The Times is too print-focused, says an internal report leaked to Buzzfeed. Reporters are evaluated on how often their stories get on page one, the online deadline is structured around the print deadline, and headlines are poorly search optimized.
I’m surprised by this. I thought the Times did a good job online.
Except for the headline SEO — I’ve noticed that myself.
Headline SEO doesn’t just make headlines more attractive to search engines. A well-SEO’d headline is better for readers.
Print readers have all sorts of clues as to what a story is about and how important it is. The print reader sees story placement, the amount of space the story occupies, sidebar headlines, subheads, take glance at the lede of the story, photos and breakheads — all of these things tell a print reader what the story is about before the reader actually dives in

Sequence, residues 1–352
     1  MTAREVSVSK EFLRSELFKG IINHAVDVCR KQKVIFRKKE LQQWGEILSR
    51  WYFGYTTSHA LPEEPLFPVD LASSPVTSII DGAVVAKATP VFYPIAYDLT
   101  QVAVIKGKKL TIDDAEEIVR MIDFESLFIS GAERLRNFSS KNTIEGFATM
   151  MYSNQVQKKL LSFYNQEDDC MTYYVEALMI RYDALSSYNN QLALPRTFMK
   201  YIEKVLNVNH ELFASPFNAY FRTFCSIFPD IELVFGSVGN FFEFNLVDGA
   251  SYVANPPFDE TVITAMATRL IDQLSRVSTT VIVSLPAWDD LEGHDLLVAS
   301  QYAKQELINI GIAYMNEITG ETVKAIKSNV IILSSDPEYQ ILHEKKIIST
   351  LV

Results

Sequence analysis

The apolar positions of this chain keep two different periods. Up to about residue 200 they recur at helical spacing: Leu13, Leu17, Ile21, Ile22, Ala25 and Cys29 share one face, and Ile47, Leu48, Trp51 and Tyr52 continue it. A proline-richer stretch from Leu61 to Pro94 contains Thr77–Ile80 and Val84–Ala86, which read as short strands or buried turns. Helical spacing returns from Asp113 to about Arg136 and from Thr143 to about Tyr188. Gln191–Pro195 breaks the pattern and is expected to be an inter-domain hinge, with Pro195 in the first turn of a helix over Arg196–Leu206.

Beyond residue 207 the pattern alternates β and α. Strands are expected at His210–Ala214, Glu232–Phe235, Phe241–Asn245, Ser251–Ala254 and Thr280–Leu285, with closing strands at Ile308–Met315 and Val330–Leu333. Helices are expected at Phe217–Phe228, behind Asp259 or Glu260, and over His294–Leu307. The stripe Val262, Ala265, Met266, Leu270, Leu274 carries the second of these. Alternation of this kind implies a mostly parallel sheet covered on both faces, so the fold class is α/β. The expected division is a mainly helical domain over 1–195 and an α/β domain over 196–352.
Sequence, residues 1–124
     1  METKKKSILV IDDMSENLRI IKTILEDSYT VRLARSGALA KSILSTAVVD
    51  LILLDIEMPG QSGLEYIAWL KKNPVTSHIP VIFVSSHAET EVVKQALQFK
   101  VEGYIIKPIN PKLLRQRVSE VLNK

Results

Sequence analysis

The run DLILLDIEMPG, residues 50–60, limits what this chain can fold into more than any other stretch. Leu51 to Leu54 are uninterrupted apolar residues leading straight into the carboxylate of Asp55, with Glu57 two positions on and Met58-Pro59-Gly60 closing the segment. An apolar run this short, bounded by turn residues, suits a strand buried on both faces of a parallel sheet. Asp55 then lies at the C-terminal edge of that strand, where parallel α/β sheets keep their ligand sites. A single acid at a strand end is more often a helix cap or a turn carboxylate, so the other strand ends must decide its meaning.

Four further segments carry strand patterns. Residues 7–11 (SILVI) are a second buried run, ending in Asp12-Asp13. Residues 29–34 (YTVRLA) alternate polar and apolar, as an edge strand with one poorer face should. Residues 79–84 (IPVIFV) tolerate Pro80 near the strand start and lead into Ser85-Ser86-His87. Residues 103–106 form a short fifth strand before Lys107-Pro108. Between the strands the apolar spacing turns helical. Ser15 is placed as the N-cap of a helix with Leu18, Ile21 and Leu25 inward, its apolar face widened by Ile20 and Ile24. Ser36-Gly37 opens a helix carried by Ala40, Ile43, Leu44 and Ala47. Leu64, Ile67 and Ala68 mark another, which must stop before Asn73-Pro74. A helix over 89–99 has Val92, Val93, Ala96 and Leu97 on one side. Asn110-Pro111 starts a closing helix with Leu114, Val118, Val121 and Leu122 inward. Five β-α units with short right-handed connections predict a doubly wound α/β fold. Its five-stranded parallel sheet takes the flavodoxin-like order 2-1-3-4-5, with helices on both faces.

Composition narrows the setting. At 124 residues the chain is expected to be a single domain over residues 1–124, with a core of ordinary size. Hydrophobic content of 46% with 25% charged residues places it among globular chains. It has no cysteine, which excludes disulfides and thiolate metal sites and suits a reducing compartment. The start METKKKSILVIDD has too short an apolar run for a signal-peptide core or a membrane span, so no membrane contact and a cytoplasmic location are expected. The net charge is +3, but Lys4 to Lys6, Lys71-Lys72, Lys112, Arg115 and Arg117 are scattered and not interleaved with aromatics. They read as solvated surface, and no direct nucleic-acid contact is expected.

Online, the headline is often all there is. The headline needs to tell the reader what the story is about, what to expect when they read it, and why they should read it — all in a half-dozen words or less.
For example, consider this powerful article about a 16-year-old who was put in prison after being put through hell in a series of homes where she was tortured and prostituted. The headline: What Is This Child Doing In Prison? That’s just a weak headline.
Writing online headlines is hard, and I wish I was better at it myself.